Emerging Conceptual, Ethical and Policy Issues in Bionanotechnology

  • Fabrice Jotterand

Part of the Philosophy and Medicine book series (PHME, volume 101)

Table of contents

  1. Front Matter
    Pages i-vi
  2. Introduction

  3. Knowledge Production in Nanotechnoscience

  4. Ethics and (Bio)Nanotechnology

  5. Public Policy and (Bio)Nanotechnology

    1. Alexandra Plows, Michael Reinsborough
      Pages 133-156
    2. Christopher Kelty
      Pages 157-180
    3. Kenneth A. De Ville
      Pages 181-200
  6. Human Enhancement and (Bio)Nanotechnology

  7. Back Matter
    Pages 255-264

About this book


This volume provides a critical overview of the nature of nanotechnology (and its applications in the biomedical sciences, i.e. bionanotechnology) and the philosophical and ethico-legal issues it raises. This collection of thirteen articles represents an exploration by scholars from various disciplines (philosophy, anthropology, law, social sciences, psychology, and natural sciences) in North America and Europe. The book contains four major parts respectively entitled 1) Knowledge Production in Nanotechnoscience; 2) Ethics and (Bio)Nanotechnology; 3) Public Policy and (Bio)Nanotechnology; and 4) Human Enhancement and (Bio)Nanotechnology. In the first section, authors examine the nature of nanotechnology as a scientific project and critically reflect on its philosophical underpinnings. The next section introduces the readers to a new area of investigation that explicitly addresses the ethics of nanotechnology/bionanotechnology. More specifically, it examines the theoretical framework(s) necessary to sustain rich ethical reflections at the core of the development of nanotechnology. The third section expands on the ethics of nanotechnology/bionanotechnology but focuses on legal and public policy issues and how the public perception of nanotechnology could ultimately shape policies and regulations. Ultimately these three perspectives (the nature of nanotechnology, ethical approaches and regulatory issues) will shape and frame the discourse on nanobiotechnology. The final section focuses on how scientific progress could affect humans through enhancement technologies and critically assesses whether such progress actually contributes to human flourishing.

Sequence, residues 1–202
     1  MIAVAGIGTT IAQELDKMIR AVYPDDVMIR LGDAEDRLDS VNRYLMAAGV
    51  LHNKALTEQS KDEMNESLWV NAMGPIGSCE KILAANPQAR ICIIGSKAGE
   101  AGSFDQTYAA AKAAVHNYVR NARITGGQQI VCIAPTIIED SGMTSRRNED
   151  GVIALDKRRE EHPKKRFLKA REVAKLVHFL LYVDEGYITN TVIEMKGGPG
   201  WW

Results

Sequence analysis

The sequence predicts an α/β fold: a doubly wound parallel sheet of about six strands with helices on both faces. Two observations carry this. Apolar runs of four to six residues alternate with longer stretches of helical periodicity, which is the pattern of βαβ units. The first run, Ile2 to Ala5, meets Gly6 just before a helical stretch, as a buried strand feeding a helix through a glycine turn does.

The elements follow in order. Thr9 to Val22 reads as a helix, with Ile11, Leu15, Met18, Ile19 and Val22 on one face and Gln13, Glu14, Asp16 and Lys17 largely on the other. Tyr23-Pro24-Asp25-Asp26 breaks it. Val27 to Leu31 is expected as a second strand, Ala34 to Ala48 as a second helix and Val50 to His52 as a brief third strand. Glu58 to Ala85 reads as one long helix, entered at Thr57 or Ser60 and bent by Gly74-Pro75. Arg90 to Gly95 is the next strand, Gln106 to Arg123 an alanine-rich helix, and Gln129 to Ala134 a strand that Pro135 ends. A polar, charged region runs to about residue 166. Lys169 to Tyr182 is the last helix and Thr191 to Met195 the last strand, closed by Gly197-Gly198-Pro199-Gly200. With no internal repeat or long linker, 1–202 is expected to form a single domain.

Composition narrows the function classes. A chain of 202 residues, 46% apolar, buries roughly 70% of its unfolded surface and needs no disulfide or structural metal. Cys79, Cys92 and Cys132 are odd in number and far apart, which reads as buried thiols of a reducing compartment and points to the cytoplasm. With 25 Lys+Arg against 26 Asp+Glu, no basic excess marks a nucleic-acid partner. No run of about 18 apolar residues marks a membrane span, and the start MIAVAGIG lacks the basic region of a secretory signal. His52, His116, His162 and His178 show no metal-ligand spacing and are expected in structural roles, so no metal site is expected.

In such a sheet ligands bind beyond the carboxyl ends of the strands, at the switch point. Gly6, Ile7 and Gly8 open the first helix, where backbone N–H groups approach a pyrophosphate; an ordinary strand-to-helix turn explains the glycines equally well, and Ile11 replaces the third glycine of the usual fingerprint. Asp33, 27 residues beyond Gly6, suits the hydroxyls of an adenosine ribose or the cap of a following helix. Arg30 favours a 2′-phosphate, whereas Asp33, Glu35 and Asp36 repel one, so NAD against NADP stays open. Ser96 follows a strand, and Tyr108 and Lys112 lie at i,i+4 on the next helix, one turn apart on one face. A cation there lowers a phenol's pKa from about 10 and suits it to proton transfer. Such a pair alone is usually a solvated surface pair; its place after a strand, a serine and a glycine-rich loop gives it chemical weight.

Ethics biotechnology emergent technologies human enhancement technologies legal aspects nanoethics nanoscience nanotechnology public policy

Editors and affiliations

  • Fabrice Jotterand
    • 1
  1. 1.Southwestern Medical CenterUniversity of TexasDallasUSA

Bibliographic information

  • DOI
  • Copyright Information Springer Science+Business Media B.V. 2008
  • Publisher Name Springer, Dordrecht
  • eBook Packages Medicine Medicine (R0)
  • Print ISBN 978-1-4020-8648-9
  • Online ISBN 978-1-4020-8649-6
  • Series Print ISSN 0376-7418
  • Buy this book on publisher's site